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Leaked Audio: Lt. Gov. Mark Robinson Told Group He Wants to Defund Public Education

SourceNews & Observer

North Carolina may be in the bottom five in the nation when it comes to education funding, but it sounds like Lt. Gov. Mark Robinson won’t be content until we are dead last in all the rankings.

According to audio obtained by The News & Observer from a speech Robinson made in December 2023 at the East Wake Republican Club, he believes that our schools are receiving too much funding. That’s right, the Republican nominee for governor thinks that our schools, which don’t have enough money to offer competitive salaries and can’t even afford to provide teachers with the materials needed to do their jobs, are receiving too much money.

Robinson told the club that “it has already been proven that school systems get better results on less money,” and that “cutting the fat” out of the education budget would be “essential.”

It should be very concerning to voters that Robinson, who serves on the State Board of Education, can see that North Carolina spends $5,000 less per student than the national average (48th in the nation), spends less of its Gross State Product on public education than every other state (dead last in the country) and ranks 46th in beginning teacher pay, and still thinks there’s no reason to increase the public education budget.

“Our education budget is fine right where it is,” Robinson said. “We don’t need more dollars, we need to redirect dollars. We need to redirect dollars from bureaucracy.”

As with most of Robinson’s policies, it doesn’t seem that he has any kind of a plan to cut education funding, nor does he know what “fat” needs to be cut.

When reached by The N&O to clarify his comments, Robinson’s spokesperson told the newspaper that education spending “already takes up a huge portion of the state budget” and that “The problem isn’t the money, it is the bloated bureaucracy.”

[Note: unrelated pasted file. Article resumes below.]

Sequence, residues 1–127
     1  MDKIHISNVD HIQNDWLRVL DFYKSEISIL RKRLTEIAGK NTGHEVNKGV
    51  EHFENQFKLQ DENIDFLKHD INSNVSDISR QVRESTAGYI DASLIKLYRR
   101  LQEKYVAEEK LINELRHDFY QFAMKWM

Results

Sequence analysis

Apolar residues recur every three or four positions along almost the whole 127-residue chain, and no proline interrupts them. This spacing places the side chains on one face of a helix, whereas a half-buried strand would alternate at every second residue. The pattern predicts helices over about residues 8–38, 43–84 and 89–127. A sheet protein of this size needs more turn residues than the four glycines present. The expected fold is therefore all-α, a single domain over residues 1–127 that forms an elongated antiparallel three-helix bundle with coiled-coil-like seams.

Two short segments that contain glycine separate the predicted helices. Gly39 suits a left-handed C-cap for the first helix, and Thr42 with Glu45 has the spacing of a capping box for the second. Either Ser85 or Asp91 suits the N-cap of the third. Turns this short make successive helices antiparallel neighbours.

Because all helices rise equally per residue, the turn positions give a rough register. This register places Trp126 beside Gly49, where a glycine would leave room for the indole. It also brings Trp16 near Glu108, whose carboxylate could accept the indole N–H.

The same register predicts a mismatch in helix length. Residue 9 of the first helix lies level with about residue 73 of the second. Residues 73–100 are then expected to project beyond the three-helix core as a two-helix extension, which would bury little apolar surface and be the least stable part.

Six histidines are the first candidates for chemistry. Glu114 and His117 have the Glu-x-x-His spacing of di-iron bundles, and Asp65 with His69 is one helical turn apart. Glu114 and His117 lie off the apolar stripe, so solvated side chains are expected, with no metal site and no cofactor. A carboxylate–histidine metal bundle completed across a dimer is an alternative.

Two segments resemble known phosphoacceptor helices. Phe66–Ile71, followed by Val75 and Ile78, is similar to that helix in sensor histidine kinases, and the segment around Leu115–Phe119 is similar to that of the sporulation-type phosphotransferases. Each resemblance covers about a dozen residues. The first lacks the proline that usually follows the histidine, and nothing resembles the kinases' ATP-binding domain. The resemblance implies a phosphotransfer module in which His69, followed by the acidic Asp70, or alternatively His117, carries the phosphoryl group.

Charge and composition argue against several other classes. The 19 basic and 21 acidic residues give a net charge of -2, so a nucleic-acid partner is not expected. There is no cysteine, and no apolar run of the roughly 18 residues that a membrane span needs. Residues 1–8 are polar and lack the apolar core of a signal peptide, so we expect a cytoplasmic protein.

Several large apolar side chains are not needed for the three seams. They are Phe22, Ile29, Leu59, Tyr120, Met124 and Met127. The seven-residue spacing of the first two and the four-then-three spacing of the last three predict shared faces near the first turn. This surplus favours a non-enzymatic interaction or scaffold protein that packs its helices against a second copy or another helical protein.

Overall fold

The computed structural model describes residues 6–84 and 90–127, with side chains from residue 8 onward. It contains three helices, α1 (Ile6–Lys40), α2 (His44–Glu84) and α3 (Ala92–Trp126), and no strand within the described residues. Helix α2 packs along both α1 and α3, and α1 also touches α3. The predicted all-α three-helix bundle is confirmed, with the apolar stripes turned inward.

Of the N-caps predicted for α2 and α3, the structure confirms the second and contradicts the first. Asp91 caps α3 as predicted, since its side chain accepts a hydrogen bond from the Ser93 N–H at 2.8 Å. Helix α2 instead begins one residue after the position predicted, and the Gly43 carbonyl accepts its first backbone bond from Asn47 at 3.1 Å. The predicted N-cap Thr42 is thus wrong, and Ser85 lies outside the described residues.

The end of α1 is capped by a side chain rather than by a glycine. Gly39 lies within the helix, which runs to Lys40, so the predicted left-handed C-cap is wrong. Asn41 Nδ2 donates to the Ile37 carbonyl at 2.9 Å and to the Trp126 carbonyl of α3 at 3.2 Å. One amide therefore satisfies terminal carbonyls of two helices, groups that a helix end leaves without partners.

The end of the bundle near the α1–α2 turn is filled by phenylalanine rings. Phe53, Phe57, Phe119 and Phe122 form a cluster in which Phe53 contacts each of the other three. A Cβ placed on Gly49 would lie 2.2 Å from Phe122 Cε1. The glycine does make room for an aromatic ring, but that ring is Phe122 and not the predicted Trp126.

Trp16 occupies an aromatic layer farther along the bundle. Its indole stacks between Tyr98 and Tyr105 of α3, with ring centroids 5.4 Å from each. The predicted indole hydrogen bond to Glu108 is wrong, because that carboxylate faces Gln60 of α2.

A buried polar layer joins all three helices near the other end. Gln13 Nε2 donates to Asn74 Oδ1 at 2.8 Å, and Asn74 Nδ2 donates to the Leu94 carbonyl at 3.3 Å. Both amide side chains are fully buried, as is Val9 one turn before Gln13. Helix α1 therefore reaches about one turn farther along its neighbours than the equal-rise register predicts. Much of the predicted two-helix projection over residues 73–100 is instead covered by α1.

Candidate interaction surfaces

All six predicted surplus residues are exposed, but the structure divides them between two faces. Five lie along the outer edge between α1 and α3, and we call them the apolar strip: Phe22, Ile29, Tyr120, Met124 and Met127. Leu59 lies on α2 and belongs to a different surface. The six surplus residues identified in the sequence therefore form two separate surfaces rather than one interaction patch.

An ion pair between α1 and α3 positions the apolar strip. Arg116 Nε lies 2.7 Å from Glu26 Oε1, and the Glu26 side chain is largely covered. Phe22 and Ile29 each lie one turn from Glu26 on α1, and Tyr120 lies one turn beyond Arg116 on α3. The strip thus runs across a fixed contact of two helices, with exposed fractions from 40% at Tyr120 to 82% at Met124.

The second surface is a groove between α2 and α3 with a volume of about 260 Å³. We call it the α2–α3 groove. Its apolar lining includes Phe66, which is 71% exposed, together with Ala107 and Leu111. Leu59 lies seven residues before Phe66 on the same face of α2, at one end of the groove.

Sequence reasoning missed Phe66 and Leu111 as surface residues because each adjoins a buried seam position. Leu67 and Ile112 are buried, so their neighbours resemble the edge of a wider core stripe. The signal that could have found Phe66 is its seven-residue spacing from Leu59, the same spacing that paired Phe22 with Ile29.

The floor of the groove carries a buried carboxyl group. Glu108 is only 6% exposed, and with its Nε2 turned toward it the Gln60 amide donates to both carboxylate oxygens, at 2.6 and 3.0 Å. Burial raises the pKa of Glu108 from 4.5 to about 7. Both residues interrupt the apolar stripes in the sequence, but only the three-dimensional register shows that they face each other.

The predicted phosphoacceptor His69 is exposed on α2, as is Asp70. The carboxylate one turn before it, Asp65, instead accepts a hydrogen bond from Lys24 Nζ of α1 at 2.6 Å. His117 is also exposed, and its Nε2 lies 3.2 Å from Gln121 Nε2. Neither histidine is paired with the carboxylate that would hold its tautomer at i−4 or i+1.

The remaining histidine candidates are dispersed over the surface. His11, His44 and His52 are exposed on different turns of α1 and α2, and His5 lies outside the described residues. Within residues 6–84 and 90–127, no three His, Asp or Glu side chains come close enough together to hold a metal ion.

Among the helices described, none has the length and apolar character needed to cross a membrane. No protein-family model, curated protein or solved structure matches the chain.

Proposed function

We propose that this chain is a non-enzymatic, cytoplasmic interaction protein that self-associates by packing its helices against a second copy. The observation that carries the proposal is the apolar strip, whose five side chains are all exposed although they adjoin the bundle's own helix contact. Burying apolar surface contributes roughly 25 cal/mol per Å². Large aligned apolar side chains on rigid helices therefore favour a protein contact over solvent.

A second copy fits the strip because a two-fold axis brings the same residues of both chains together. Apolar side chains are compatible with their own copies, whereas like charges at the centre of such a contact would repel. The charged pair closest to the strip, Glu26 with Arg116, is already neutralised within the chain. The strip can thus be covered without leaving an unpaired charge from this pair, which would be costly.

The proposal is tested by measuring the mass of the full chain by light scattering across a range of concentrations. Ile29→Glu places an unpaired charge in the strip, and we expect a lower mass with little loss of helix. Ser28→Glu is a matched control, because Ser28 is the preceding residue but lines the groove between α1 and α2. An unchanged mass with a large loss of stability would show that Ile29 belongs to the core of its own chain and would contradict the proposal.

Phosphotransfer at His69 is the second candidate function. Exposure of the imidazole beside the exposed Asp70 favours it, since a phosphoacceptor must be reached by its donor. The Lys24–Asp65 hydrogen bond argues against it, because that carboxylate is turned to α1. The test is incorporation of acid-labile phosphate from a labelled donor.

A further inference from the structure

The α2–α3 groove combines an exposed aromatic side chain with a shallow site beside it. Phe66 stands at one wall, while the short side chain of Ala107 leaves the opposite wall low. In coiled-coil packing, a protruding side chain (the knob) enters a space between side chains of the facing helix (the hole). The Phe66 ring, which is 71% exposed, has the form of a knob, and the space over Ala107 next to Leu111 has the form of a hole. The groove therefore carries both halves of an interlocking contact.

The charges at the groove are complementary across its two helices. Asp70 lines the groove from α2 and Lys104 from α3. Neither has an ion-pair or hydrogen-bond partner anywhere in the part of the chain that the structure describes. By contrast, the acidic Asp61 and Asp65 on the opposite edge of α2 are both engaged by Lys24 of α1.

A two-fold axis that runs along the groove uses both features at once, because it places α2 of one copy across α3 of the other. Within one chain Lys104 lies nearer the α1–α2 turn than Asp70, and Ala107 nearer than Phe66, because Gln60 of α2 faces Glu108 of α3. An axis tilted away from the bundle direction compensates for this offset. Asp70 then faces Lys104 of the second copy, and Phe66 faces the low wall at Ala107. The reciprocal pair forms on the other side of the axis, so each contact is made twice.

The spokesperson then went on to say that Robinson believes parents should get to have “a stronger voice in their kids’ education.” He also said, “As governor, he will work to make sure more taxpayer dollars actually fund students, teachers and schools, not bloated bureaucracy. This includes expanding opportunity scholarships.”

Opportunity scholarships are what Republicans call private school vouchers and, thanks to a Republican-passed law that required a legislative override of Gov. Roy Cooper’s veto, wealthy families are now being allowed to use vouchers to send their children to private schools. Our tax dollars are now going toward covering the cost of wealthy kids to go to private, mostly Christian schools that get to operate without the regulations required of public schools. 

The legislature plans to spend more than $4 billion over the next decade in taxpayer funding on unregulated private school vouchers. What’s more, just in the first year, private school vouchers could siphon more than $200 million in state funding from public schools, resulting in some school districts losing up to 8 percent of their operating revenue to private schools, according to the governor’s office.

Before the Super Tuesday primary, Robinson filled out a questionnaire for The N&O. One of the questions they asked was “In what areas, if any, do you believe state government is wasting taxpayer money?

Robinson’s answer included that favorite campaign buzzword – bureaucracy – but once again didn’t define what he meant.

“We need to tackle the bureaucracy that’s holding our education system back. Education funding should focus on students, not bureaucracies and politics,” Robinson said.

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